Handspring posts loss, scraps move plans

Loses $91.6 million for fiscal 2002 amid struggles to transform itself to a phone company.

PalmOS-based handheld device manufacturer Handspring Inc. on Wednesday posted a financial fourth quarter net loss of $15.4 million, or 11 cents a share, compared with a net loss of $67.2 million, or 60 cents a share, a year ago.

Excluding expenses, the loss was $11.7 million, or 8 cents a share.

Revenues for the fourth quarter, which ended June 29, were $49 million, compared with $61 million last year.

For fiscal 2002, net loss was $91.6 million, compared to $126 million in fiscal 2001. Revenue was $240.7 million, compared with $370.9 million last year.

The company had been planning to open offices in Sunnyvale, Calif., but has decided to scrap these plans, and this will have an initial negative financial effect.

"Given the slowdown in this growth we no longer believe it makes sense to occupy these buildings," said CEO Donna Dubinsky, who said the company wants to sub-lease the buildings if possible. In any case, "We expect to take a significant one-time charge in either this quarter or the next quarter."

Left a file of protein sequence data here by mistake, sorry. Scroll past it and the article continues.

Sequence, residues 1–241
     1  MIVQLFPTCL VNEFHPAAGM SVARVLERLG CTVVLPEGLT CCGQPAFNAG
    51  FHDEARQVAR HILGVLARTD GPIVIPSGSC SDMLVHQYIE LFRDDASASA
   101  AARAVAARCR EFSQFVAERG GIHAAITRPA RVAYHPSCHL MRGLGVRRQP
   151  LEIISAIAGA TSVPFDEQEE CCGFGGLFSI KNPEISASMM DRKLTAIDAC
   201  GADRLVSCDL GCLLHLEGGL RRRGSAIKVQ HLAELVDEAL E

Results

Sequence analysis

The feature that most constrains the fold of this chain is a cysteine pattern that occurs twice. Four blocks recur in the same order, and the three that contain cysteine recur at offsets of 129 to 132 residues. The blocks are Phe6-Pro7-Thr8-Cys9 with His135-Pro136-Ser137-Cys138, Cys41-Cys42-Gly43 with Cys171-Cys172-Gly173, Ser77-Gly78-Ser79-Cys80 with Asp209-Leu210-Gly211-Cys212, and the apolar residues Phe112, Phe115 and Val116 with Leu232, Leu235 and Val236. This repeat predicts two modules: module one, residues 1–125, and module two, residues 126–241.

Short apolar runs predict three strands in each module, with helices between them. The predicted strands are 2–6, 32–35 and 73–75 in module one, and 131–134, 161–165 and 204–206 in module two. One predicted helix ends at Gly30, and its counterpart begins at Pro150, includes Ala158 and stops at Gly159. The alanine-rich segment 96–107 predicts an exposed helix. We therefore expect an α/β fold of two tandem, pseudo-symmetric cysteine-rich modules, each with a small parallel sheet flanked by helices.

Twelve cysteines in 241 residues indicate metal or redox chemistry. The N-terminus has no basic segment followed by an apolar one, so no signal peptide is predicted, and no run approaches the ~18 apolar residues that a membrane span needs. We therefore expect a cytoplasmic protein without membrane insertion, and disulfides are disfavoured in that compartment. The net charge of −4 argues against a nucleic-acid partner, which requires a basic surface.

Dubinsky also announced that Handspring co-founder Jeff Hawkins, who always has been fascinated with the human brain, has started an organization called the Redwood Neuroscience Institute and will be dividing his time between the institute and Handspring, where he will continue to work as chief product officer and chairman of the board.

Handspring is searching for a new chief financial officer.

In the past year, Handspring has been working to transform itself from an organizer company, with its flagship Visor line of devices, to a phone company, with its new line of Treo devices. The Treo has received critical, carrier and retail acclaim, but the device hasnt been as popular with consumers.

The company is hoping to boost sales with upcoming Treo devices.

A software upgrade for the Treo 180 and 270 devices, enabling those devices to run on the next generation general packet radio service (GPRS) network, is due by the end of this quarter.

An additional device, the Treo 300, is "nearing completion," according to Dubinsky, and will be available both on the Handspring Web site and through Sprint Corp.s Sprint PCS division. Sprint is expected to launch a nationwide high speed wireless voice and data network in August.

Both the Visor and the Treo run on Palmsource Inc.s Palm operating system. Palmsource recently released version 5 of its OS, which will run on ARM-based processors.

"Were definitely excited about it and taking a pretty close look at it," Dubinsky said, but she declined to say whether Handspring would release devices based on OS5.